Decato Bros.v.Tax Comm

Appellate Division of the Supreme Court of New York, Third DepartmentDec 30, 1982
90 A.D.2d 386 (N.Y. App. Div. 1982)
90 A.D.2d 386458 N.Y.S.2d 35

December 30, 1982

Appeal from the Supreme Court, Albany County, ROBERT J. DORAN, J.

Robert Abrams, Attorney-General ( Diane DeFurio Foody and Jeremiah Jochnowitz of counsel), for appellant.

Johnson Allen ( John L. Allen of counsel), for respondent.

Petitioner is a New Hampshire trucking company which, because it transports products through New York, is subject to this State's highway use tax. At issue in this proceeding is petitioner's liability for this tax for the period between July 1, 1971 and March 31, 1975. The standard method for calculating highway use tax liability is to multiply the number of miles operated within the State by a tax rate based on the vehicle's weight (Tax Law, § 503, subd 1). If the vehicle is unladen, the tax rate utilized corresponds to the vehicle's unloaded weight. If the vehicle is laden while being operated in the State, the applicable figure is the total of the vehicle's weight plus the weight of its maximum load, a total defined as the vehicle's "gross weight" (Tax Law, § 501, subd 4).

Instead of calculating its highway use tax liability pursuant to the standard method, petitioner chose to compute its taxes pursuant to an optional method of calculation permitted tractor trailer carriers (Tax Law, § 503, subd 2). This optional method, permitted since 1957 (L 1957, ch 362) in an effort to simplify the preparation of highway use tax returns, utilizes the tractor trailer's "combination weight". A vehicle's "combination weight" is the sum of the actual weight of the heaviest tractor used by the carrier and the individual trailer's gross weight, if laden, or actual weight, if unladen (Tax Law, § 503, subd 2).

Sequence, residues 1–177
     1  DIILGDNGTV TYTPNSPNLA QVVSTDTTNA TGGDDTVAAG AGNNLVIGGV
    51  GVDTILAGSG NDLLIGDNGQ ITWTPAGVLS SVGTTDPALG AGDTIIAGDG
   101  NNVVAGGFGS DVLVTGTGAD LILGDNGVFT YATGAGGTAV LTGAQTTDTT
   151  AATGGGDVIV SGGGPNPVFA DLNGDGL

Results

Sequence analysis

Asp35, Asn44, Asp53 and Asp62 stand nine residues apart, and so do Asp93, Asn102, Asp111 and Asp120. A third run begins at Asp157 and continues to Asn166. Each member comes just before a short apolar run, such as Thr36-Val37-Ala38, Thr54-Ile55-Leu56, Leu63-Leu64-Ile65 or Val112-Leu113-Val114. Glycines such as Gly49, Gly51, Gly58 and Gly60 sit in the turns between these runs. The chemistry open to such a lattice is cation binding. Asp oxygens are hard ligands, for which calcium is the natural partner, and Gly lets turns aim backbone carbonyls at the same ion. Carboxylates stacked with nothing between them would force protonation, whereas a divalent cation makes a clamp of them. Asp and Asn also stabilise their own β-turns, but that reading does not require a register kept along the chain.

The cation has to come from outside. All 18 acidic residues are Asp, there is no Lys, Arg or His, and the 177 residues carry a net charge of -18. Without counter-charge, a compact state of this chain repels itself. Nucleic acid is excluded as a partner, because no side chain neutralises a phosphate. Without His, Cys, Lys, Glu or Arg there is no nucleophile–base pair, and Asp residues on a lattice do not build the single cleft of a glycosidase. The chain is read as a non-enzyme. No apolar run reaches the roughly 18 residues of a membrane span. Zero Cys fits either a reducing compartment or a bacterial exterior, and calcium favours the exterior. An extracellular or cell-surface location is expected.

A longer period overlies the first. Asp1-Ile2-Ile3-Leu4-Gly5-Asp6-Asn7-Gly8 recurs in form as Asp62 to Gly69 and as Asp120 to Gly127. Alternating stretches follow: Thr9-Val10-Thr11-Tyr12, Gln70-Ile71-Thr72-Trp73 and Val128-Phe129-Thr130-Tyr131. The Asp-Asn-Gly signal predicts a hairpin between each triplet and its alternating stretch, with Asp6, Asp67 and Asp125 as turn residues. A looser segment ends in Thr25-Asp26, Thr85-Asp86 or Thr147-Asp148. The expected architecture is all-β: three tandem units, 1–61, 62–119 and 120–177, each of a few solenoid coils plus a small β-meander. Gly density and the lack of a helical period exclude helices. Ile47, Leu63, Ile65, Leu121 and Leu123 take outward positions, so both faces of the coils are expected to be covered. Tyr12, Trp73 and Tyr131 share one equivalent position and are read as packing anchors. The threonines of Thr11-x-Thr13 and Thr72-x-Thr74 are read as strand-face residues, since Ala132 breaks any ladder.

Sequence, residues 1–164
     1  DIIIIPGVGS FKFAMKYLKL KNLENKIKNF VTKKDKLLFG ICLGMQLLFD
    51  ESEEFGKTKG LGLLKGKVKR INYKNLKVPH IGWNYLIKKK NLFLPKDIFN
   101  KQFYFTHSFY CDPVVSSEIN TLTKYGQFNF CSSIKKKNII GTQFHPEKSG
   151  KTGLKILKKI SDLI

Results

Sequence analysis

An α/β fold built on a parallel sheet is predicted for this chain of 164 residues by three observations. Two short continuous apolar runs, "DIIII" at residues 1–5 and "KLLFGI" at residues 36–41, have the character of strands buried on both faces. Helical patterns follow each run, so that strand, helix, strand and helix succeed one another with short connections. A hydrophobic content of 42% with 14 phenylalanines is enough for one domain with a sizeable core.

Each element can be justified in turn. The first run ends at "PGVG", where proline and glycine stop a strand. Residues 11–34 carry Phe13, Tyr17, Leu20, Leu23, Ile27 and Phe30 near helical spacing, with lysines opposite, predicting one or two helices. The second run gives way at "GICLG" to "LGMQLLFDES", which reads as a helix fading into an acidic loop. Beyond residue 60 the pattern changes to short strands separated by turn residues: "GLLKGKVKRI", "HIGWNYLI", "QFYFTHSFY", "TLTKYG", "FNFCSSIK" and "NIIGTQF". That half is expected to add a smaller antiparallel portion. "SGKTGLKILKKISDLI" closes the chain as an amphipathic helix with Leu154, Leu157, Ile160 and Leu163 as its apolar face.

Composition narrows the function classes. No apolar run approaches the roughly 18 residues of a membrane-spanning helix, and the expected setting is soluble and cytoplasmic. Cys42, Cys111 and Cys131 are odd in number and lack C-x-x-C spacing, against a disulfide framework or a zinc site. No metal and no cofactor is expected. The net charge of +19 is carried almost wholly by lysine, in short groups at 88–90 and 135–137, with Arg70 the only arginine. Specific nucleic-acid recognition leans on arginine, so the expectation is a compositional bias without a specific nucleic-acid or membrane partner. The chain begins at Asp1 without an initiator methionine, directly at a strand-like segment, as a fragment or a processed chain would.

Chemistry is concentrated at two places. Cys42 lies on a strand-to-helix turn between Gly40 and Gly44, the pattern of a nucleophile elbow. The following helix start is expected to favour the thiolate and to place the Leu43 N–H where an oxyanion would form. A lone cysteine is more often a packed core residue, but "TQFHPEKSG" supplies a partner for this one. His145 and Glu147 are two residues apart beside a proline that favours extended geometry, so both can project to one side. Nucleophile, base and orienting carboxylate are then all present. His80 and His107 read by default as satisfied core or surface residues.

An audit of petitioner's returns for the years in question revealed that the actual weight of some of petitioner's tractor trailers on trips through this State exceeded the "combination weight" calculated by petitioner under the optional method of subdivision 2 of section 503 Tax of the Tax Law. This variation resulted from the fact that some of petitioner's vehicles were carrying cargo in excess of the maximum load allowed in their highway use permits (see Tax Law, § 502). This finding caused respondent to sustain an additional highway use tax assessment against petitioner calculated on the basis of the tractor trailer's actual weights which were in excess of the combination weights calculated pursuant to the statute. Petitioner's CPLR article 78 proceeding seeking to challenge that determination was sustained by Special Term ( 110 Misc.2d 425) and this appeal by respondent ensued.

Respondent argues that 20 NYCRR 481.4 (e) supports its action in calculating petitioner's highway use tax liability on the basis of the vehicle's actual weight when the trailer's cargo exceeded the weight set forth in its permit. Special Term, in rejecting this argument, ruled that the regulation was only applicable to highway use tax computations prepared under the standard method of subdivision 1 of section 503 Tax of the Tax Law and had no application where, as here, the liability for highway use taxes was calculated under the optional method of subdivision 2 of that section.

We disagree with Special Term. It is our view that 20 NYCRR 481.4 merely explains the manner in which the term "gross weight" is to be calculated. As such, it is equally applicable to both the standard gross weight method of determining highway use tax liability contained in subdivision 1 of section 503 and the optional method contained in subdivision 2 of that section since both subdivisions involve calculations based on gross weight. We find nothing in the regulations which suggests that a carrier who reports under the optional gross weight method may use the gross weight figure set forth in its permit when that figure is less than the actual weight of the vehicle. Such a result would not only thwart the legislative intent behind the highway use tax to tax heavier motor vehicles at a higher rate, but would reward those carriers who underreported the gross weights on their permits and failed to have their permits amended upon discovering that the vehicle's actual weight exceeded that allowed on the permit. Since highway use permits were designed to be an aid in enforcing the tax imposed under article 21 of the Tax Law (see 20 NYCRR 474.4 [a]), they should not be used as a means of limiting the tax on a tractor trailer carrier who computes his liability under the optional gross weight method.

Accordingly, Special Term's judgment annulling respondent's determination must be reversed, on the law, without costs, the determination confirmed, and the petition dismissed.


Judgment reversed, on the law, without costs, determination confirmed, and petition dismissed.